A passive mind vs. an active mind. Want to make a chocolate cake - get a good recipe and follow it to the letter. Want to put a child's Christmas toy together. First carefully unpack it read and study the directions an follow them precisely. Or want to make a chocolate cake - learn what are some of the basic ingredients and start making it. Want to put a child's Christmas toy together. First, rip open the box look at the parts, figure what is supposed to do and put it together. The first two are a passive mind and the second two examples are an active mind. Yes the first cake made by the passive mind will probably be much better and Christmas gift will be put together correctly and much faster by the passive mind. But on the other hand the 50th chocolate cake make by the person with the active mind may be far superior after 49 failures. The toy put together by the person with passive mind will be put together correctly and much faster than the toy eventually put together by the person with the active mind. However: several years later the person with the active mind may have a bunch of spare parts (junk) no instructions, and be able to assemble these parts (or junk) into a product he definitely wants or needs, assisted by the memory of the mistakes he made when trying to assemble the Christmas gift. A passive mind wants to be told what to do. An active mind wants the joy and excitement of making a lot of mistakes and learning from them. With the active mind I think it is possible that the "excitement" of making mistakes is what stimulates the neuron to solidify the memory of how to do a certain class of things. A passive mine is satisfied and stops after getting "the answer" , but an active mind never stops searching for the Truth. Individuals with a passive mind are easy to control while people with an active mind are pretty much uncontrollable.

Do not confuse my description of an active and passive mind with a creative or non creative mind. A person can have a passive mind can still be very "smart" and creative. My definition of and active mind only implies that one is primarily interested in the truth -- how the world really is and functions. It is not necessary to have this passion to be creative. Artists, creative writers, journalists etc. do not have to be interested in how the world "really is" to be creative.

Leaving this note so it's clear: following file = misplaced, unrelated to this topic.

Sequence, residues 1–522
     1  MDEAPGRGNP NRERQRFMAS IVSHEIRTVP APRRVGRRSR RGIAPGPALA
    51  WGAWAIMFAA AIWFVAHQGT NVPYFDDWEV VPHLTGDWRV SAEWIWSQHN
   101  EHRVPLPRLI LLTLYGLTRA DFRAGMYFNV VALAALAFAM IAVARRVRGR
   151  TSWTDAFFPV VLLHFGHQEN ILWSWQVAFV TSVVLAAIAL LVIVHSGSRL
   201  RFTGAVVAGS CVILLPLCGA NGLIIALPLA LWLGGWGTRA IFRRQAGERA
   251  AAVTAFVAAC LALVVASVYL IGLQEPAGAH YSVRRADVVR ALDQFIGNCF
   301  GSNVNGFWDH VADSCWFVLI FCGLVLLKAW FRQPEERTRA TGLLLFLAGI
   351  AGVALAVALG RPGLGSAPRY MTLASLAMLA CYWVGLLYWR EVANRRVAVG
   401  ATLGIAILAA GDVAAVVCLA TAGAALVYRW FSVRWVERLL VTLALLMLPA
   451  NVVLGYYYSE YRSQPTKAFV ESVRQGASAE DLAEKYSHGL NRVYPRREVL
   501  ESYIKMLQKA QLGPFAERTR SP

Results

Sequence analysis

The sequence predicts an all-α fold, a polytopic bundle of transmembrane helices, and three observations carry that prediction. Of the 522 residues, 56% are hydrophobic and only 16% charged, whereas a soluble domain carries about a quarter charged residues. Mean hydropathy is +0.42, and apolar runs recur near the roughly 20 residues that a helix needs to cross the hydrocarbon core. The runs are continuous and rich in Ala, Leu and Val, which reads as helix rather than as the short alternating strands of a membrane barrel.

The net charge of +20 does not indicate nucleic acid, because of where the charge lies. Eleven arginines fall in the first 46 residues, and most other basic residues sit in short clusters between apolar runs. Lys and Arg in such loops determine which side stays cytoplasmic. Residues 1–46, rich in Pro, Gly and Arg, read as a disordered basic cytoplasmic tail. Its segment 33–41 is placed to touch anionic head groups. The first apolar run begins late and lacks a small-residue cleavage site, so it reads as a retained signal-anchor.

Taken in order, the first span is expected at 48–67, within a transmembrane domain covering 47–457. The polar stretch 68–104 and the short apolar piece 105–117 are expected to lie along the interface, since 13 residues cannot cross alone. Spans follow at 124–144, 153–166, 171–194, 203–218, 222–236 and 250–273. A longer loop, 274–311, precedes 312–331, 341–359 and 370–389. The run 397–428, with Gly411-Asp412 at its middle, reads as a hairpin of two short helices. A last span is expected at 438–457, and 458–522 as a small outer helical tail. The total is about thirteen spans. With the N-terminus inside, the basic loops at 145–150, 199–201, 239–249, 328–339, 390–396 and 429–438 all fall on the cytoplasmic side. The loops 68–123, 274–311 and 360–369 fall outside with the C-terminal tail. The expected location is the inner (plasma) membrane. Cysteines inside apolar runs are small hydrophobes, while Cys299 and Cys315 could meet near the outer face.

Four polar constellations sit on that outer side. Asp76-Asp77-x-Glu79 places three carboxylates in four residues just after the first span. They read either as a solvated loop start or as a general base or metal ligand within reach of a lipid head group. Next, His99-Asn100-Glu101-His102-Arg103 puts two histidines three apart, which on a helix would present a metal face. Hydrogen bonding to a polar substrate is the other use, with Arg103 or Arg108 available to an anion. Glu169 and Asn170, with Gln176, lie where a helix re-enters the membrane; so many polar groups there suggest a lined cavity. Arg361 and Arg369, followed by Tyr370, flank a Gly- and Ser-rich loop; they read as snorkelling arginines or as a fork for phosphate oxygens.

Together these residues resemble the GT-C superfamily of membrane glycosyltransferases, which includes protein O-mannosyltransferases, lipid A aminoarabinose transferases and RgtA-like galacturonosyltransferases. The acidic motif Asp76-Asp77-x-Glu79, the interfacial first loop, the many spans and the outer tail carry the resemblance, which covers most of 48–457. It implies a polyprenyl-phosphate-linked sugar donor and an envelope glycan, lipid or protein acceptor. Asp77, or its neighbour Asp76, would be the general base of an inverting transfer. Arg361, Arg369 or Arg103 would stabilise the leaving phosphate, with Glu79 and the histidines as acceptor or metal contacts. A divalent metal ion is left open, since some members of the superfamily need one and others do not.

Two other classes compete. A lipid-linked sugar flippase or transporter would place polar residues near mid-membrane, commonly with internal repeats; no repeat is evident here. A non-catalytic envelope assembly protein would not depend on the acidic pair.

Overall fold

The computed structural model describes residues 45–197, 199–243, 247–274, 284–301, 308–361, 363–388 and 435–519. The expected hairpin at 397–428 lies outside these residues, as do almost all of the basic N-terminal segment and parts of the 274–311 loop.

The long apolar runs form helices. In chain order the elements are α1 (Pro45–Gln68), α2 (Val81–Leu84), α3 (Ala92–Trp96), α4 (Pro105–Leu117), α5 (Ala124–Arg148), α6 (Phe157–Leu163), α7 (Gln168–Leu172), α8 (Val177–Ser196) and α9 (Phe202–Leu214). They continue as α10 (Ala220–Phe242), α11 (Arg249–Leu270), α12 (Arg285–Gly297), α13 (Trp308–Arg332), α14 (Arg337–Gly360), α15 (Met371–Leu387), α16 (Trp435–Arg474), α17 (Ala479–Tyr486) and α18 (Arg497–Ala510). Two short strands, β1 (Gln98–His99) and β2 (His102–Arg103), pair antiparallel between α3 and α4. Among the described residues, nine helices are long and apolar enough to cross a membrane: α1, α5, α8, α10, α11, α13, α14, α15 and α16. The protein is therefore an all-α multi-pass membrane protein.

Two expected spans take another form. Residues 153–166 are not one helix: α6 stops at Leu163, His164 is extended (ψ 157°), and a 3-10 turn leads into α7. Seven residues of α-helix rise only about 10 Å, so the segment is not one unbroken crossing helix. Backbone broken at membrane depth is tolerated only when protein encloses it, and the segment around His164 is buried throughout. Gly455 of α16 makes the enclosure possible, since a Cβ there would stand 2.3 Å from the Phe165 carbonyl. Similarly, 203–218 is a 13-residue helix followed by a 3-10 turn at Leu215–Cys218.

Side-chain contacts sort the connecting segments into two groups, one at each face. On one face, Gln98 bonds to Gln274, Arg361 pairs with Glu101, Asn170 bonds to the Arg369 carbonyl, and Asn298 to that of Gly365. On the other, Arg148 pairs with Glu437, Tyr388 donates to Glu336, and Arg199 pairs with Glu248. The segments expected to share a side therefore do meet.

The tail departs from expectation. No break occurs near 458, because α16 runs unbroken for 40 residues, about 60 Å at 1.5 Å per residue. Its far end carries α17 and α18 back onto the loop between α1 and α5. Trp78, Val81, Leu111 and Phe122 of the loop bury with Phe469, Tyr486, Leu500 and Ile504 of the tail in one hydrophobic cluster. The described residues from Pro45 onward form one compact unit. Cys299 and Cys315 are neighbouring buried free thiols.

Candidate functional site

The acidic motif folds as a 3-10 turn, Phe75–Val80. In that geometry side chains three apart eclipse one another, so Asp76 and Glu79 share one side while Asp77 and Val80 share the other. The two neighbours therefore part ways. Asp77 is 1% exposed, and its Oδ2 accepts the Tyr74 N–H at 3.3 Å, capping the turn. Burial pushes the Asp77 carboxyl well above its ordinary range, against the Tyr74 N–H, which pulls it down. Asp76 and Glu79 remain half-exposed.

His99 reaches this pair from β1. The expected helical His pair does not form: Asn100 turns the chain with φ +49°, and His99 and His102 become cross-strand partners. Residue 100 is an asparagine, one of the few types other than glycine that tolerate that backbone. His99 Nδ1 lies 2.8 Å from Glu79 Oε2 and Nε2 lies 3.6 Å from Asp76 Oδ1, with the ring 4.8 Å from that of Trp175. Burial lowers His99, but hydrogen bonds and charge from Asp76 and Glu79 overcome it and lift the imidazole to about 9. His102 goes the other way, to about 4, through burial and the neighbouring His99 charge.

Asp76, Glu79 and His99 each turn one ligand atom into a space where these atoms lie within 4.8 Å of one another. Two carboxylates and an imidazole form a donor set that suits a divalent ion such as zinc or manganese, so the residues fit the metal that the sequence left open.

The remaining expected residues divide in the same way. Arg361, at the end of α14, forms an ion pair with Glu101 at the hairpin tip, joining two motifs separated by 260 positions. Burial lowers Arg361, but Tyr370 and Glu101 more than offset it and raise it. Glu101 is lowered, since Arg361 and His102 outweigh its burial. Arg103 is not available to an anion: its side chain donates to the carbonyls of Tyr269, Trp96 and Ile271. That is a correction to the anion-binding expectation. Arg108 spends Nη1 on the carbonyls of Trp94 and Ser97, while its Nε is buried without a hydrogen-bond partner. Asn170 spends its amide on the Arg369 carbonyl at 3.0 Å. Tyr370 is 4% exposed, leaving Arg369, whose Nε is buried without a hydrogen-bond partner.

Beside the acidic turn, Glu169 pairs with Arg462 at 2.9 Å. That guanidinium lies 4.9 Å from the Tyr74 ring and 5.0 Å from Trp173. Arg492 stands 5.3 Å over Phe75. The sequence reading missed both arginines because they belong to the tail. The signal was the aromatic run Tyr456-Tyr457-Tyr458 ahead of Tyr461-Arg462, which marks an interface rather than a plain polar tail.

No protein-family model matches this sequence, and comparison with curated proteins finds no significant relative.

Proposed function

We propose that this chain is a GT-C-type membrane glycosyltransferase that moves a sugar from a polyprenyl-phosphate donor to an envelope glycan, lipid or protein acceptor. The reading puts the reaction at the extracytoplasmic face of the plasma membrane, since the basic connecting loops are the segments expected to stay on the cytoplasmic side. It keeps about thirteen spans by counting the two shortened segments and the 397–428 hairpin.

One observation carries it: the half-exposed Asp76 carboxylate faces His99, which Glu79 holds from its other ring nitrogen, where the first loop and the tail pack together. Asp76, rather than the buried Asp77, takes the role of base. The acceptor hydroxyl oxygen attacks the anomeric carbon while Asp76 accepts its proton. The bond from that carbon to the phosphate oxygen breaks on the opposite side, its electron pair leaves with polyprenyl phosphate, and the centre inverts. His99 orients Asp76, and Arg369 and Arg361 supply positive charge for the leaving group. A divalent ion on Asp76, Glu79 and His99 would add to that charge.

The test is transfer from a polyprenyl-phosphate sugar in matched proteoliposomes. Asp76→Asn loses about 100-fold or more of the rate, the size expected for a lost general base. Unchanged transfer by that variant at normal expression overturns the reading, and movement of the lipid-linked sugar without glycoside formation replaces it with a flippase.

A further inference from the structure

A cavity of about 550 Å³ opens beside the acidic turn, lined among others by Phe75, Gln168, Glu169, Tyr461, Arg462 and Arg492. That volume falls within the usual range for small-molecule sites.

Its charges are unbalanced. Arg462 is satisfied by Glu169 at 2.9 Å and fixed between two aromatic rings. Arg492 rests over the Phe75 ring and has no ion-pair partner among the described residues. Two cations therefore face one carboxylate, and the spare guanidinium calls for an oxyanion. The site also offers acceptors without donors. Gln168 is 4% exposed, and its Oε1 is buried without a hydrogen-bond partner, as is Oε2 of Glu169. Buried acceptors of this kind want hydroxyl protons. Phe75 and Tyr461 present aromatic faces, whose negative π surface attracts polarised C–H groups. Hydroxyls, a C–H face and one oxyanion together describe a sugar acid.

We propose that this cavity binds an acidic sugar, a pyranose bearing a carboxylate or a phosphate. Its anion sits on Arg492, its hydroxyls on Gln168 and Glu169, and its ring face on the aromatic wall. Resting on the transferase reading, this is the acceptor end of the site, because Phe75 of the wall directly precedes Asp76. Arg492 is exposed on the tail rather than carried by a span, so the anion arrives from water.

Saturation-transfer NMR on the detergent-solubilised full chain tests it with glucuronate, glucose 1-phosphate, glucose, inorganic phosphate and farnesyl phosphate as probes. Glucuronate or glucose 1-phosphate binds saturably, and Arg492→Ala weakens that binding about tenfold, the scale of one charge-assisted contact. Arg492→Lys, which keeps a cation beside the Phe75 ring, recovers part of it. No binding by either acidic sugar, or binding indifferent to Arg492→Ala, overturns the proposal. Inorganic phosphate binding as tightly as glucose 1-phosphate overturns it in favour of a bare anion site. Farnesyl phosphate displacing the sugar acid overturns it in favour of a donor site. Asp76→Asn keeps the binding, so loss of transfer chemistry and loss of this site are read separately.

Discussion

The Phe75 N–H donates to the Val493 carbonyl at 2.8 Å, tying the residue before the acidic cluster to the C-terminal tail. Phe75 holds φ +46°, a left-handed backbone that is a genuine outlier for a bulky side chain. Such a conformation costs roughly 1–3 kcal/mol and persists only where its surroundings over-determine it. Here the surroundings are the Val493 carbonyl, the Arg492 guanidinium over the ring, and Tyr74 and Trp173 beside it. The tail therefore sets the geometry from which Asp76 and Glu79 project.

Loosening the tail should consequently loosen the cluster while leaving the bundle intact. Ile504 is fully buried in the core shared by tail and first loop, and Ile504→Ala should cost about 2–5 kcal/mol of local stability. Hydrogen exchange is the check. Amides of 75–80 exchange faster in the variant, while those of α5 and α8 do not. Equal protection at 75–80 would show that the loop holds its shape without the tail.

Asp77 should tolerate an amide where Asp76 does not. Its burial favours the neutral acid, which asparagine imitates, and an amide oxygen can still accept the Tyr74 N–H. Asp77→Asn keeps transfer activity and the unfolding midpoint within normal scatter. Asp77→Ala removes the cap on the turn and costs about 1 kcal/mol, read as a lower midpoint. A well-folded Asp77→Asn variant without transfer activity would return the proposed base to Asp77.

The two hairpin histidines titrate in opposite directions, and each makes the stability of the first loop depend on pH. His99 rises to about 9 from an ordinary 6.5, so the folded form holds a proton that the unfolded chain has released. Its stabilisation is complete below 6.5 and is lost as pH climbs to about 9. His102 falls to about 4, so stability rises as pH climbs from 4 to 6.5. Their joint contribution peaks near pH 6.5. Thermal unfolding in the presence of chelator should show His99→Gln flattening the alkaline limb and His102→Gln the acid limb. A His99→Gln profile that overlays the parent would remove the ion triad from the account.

It appears that the majority of people have predominately a passive mind and therefore are easier to control. Most pure scientists have an active mind, but many medical practitioners have predominately a passive mind. This may not be a bad thing -- because as the health delivery system deteriorates, more and more of the medical treatment decisions will have to be made by computers - that do passive processing (looking for answers rather than the truth) much better than people.

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Positive reinforcement causes more of whatever is reinforced. This applies to children, horses, dogs, cats, chickens and probably ameba. Positive reinforcement applies equally to desired or undesired behavior. This brings us to the Welfare System, Socialism, and Communism. Enough said!

What ever one does well, he or she will like doing.

When I was young I started talking at an early age, I talked a lot and loud - I was probably rewarded for this because I never shut up to this day. I was considered "smart" until I started school and then that all that changed.

I caution my smart friends that they read to much and reading will destroy the mind.

THE END Now I can go out and play with the horses and chickens and try to figure out how to fix a water leak under frozen ground between the pump and the house?